Other popular young caste leaders like Alpesh Thakor (Thakors) and Jignesh Mewani (Dalits) have appropriated similar class-based rhetoric. Even though there is often ground-level friction between Patidars, Thakors, and Dalits, class-based rhetoric engenders the possibility of forming a coalition across these caste groups.
The state of play in Gujarat
The BJP came to power in Gujarat for the first time in 1995 under Keshubhai Patel, after which it has yet to relinquish control. Their electoral performance over this period has been remarkably stable, with the BJP never winning less than 115 (2012) or more than 127 (2002) of the 182 assembly constituencies in the state. In 2012, the BJP only had a dip of one percentage point in vote share and two fewer seats as compared to 2007. Even though the Scheduled Caste (SC) population is purported to vote against the BJP at higher rates, the BJP secured 10 out of 13 seats reserved for SCs in 2012. By contrast, the Congress has held sway in Scheduled Tribe (ST) reserved constituencies, with BJP winning only 10 of the 27 seats in 2012 (although there are reports that ST support may be shifting towards the BJP). By these standards, 2014 national election is a major outlier.
The BJP’s vote share jumped by 12 percentage points, with the BJP winning 162 of the 182 assembly segments in the election. While one might be tempted to dismiss the 2014 numbers, many states, like UP, have shown that the 2014 trends have relevance for subsequent elections.
Since the early 2000s, originally with Narendra Modi as chief minister of the state, Gujarat has embarked on an ambitious plan of economic growth, the so-called “Gujarat model of development”. This model entails aggressively courting industrial growth through a pattern of special economic zones (SEZs) that offer favourable land prices and tax status to industrialists. Gujarat is now one of the more urbanized states in India and was the fastest urbanizing state from 2001 (37%) to 2011 (44%). One of the major political achievements of BJP government has been to dampen urban-rural conflict during this period of rapid urbanization. The remarkable stability of electoral outcomes suggests a stable winning coalition of voters – perhaps an outcome of the heightened Hindu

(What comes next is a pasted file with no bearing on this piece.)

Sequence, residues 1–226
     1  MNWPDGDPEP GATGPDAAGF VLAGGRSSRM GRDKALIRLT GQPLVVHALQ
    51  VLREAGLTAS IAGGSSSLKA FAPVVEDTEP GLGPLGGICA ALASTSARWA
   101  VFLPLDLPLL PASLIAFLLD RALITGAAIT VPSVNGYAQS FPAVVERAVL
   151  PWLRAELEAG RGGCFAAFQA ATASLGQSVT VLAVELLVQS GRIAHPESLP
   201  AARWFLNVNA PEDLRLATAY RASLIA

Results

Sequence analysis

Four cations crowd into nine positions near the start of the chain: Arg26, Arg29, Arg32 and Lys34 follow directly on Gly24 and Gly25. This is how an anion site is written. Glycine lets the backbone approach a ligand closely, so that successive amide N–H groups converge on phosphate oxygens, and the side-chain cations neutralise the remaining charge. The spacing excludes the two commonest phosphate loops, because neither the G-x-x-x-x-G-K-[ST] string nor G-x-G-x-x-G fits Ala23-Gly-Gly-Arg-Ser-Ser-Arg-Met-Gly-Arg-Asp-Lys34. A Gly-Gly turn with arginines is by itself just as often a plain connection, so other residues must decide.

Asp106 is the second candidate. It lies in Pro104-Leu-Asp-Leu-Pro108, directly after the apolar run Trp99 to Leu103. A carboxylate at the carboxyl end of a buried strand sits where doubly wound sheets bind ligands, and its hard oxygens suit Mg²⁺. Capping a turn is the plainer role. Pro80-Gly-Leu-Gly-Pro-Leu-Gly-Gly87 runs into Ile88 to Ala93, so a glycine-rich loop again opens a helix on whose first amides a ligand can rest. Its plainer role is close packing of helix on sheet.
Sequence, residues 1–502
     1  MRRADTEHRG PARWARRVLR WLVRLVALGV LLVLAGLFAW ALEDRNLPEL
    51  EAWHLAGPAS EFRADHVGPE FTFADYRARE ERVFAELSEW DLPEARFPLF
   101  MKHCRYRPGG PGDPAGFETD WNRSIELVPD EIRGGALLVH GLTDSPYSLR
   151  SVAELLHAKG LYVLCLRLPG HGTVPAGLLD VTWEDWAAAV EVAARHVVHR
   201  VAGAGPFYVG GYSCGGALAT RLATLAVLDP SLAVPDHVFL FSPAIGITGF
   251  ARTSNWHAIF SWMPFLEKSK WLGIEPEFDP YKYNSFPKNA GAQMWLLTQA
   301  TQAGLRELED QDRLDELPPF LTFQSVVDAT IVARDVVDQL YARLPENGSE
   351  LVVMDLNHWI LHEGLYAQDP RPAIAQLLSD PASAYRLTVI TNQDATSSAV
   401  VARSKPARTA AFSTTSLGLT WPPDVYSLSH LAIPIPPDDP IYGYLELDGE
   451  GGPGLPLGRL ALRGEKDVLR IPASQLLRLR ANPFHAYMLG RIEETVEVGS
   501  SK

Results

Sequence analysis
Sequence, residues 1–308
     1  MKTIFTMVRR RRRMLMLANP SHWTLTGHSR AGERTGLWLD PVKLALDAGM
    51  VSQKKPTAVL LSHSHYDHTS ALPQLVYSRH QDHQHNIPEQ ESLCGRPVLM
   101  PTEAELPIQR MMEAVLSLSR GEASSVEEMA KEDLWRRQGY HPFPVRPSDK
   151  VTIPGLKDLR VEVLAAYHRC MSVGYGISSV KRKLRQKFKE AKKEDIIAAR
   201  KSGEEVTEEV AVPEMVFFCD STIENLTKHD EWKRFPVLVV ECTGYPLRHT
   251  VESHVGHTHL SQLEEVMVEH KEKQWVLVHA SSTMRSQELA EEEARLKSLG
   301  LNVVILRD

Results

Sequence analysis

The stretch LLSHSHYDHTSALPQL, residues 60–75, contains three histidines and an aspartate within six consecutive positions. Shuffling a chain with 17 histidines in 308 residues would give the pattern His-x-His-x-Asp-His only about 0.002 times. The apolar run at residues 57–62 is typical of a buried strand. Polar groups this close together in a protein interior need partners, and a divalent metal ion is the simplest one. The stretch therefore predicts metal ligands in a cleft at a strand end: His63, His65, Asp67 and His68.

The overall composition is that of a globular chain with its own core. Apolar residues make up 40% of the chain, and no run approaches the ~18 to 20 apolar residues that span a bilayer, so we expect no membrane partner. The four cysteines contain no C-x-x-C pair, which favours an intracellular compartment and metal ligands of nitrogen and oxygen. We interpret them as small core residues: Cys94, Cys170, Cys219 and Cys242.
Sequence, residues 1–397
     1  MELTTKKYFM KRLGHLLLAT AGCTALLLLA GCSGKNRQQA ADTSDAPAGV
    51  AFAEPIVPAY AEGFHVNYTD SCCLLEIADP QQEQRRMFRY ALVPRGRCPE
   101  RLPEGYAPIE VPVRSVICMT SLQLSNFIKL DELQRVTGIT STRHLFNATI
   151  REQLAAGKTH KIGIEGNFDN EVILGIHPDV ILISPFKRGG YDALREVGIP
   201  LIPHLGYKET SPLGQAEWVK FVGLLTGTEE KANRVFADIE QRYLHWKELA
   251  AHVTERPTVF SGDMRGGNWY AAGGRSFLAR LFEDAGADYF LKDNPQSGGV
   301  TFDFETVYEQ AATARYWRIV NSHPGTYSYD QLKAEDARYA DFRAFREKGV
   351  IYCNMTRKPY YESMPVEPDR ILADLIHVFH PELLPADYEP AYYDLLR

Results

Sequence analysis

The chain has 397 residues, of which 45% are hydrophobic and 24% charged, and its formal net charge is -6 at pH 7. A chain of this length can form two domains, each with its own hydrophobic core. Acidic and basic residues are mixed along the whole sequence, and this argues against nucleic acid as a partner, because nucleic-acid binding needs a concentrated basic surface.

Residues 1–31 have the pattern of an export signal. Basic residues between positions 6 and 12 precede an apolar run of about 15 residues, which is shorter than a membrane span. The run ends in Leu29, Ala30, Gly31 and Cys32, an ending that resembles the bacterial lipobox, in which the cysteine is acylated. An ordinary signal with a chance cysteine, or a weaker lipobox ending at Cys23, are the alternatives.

identity derived from communal violence against Muslims in 2002 while Narendra Modi was chief minister. Whatever the reason, rural disenchantment is now more visible in Gujarat than ever before. In the next section, we explore the reasons for this emerging urban-rural divide.
In Ahmedabad district, about an hour outside of the main city, we met an upper-caste Darbari (Rajput) farmer who complained that the market price for cotton had dropped from about Rs 1400 per 20kg bundle, during Congress rule at the Centre, to about Rs 950 per bundle (these numbers are consistently reported across Gujarat). Sharp drops in market prices for two most prevalent crops in Gujarat – cotton and groundnut – coupled with financial distress caused by notebandi (India’s recent demonetization exercise) have sown the seeds of anger across rural Gujarat.
After 15 years of voting for the BJP the Darbari farmer has seen enough; he has switched allegiances to the Congress this time. But why blame the BJP? After all, even the farmer admits that the market price is a function of market demand, and what exactly is the government to do if the market demand drops? The answer is complicated, but it ultimately boils down to a responsibility of the Centre to make sure market prices do not drop to this extent – an expectation derived from the historical willingness of the government to interfere in agricultural markets. A shopkeeper in Bhavnagar is more explicit about the relationship, rhetorically asking, “Who else but the government decides the market demand?” This goes beyond setting sufficiently high support prices for farmers, it involves the control of import-export markets. An agent at a local wholesale agricultural market (mandi) who purchases crops from farmers concurred with this position: “There is enough demand within India for groundnut to keep the prices high if the government chooses the correct policies.”